The effects of visual complexity on cognitive load as influenced by field dependency and spatial ability
Christopher Gene Allen, New York University, United States
New York University . Awarded
The goal of the present research was to investigate the effects of visual complexity on cognitive load and learning outcomes. Cognitive Load Theory and the Cognitive Theory of Multimedia Learning provide evidence that removing extraneous information from an image will result in greater cognitive resources available for learning. Participants were recruited from a small Catholic liberal arts college in northern New Jersey and ranged in age from 18 to 72. To measure prior knowledge, participants completed two questions. The first question asked participants to rate their expertise on glassblowing from "Novice" to "Expert" while the second question was a series of five statements that gradually became more complex. For the treatment, participants completed a computer-mediated instruction on the process of glassblowing. Each participant received only one condition of High (photographic), Medium (cartoon), or Low (line drawing) visual complexity. Concurrent to the treatment, cognitive load was measured using the participants' reaction times on a secondary task. To assess the effects of the treatment condition, participants completed an 18 item learning outcome assessment. In addition to the treatment condition, participants completed the Card Rotation Test as a measure of spatial ability and the Group Embedded Figures Test (GEFT) as a measure of field dependency. These measures were used as covariates in the analysis. To determine if the treatment altered participants' perception of glassblowing, individuals responded to a pre and post question asking them to rate their interest on the topic. Analysis of Covariance revealed a significant main effect for the treatment condition as the Independent Variable, cognitive load as the Dependent Variable, and field dependency as a covariate. An Analysis of Covariance also revealed a significant main effect for the treatment condition as the Independent Variable, the learning outcome as the Dependent Variable, and field dependency as the covariate. These results are consistent with the tenets of Cognitive Load Theory and the Cognitive Theory of Multimedia Learning and suggest that removing extraneous visual information does impact the level of cognitive load and can, potentially, improve learner efficacy.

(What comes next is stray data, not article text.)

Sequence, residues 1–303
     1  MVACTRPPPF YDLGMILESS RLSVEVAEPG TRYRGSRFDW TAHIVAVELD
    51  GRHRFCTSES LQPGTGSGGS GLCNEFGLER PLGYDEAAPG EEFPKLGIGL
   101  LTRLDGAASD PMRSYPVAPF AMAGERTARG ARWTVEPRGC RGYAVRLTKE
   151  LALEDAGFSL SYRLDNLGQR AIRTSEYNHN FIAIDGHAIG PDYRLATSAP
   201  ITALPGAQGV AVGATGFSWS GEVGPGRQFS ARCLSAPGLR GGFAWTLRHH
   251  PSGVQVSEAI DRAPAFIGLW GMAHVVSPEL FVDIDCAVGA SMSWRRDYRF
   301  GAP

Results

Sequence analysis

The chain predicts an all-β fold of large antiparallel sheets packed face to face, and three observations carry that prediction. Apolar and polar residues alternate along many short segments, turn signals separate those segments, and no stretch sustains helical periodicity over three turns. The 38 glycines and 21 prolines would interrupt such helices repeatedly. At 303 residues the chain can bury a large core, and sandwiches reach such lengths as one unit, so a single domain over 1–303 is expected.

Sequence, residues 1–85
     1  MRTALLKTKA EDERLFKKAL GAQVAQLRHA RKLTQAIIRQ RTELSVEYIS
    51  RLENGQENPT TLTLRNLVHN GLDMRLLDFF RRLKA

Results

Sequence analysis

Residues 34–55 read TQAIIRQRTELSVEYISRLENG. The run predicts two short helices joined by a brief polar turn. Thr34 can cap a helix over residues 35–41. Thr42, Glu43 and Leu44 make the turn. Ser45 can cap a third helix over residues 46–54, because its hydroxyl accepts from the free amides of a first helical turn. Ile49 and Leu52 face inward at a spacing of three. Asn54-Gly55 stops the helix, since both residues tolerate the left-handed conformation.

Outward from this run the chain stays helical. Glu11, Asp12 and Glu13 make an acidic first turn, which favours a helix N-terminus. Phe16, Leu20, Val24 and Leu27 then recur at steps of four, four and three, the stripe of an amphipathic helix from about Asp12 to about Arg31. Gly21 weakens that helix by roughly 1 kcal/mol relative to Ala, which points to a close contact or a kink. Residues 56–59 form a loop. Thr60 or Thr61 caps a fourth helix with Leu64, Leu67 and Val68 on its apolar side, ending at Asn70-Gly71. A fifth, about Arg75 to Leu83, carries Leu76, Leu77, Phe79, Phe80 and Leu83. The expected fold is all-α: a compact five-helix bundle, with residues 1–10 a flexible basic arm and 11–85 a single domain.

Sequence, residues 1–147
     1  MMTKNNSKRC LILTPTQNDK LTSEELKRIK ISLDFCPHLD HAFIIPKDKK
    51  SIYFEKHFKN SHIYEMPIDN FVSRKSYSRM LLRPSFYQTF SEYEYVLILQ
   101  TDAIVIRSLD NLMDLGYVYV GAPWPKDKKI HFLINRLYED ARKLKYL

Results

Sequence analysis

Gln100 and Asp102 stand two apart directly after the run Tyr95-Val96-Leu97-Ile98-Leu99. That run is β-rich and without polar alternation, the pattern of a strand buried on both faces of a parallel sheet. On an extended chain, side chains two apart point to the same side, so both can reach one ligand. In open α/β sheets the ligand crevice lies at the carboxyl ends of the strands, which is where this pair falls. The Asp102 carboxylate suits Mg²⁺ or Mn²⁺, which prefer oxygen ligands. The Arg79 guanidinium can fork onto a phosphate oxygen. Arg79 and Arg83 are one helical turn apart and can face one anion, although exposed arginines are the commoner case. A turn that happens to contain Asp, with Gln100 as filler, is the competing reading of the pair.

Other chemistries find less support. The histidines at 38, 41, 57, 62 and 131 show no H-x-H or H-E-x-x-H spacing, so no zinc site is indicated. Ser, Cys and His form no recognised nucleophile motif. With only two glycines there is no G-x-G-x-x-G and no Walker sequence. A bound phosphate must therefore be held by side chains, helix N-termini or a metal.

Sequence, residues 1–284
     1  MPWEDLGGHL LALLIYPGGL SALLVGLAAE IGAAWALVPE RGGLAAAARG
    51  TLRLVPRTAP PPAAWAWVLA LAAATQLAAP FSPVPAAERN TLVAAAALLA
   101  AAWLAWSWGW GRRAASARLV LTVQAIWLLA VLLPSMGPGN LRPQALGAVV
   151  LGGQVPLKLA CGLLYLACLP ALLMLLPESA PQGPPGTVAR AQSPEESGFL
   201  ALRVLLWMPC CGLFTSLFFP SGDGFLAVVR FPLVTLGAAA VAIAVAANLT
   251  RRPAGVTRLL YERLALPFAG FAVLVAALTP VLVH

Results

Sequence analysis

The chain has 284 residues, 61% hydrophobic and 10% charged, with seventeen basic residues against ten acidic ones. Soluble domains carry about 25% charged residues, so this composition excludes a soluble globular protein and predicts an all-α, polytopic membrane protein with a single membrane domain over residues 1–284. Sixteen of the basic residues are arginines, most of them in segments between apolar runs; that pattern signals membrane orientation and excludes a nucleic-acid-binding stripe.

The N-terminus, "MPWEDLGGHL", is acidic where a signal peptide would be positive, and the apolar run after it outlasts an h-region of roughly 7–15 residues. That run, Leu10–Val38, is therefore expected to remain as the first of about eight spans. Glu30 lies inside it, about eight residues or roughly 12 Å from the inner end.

Allen, C.G. The effects of visual complexity on cognitive load as influenced by field dependency and spatial ability. Ph.D. thesis, New York University.
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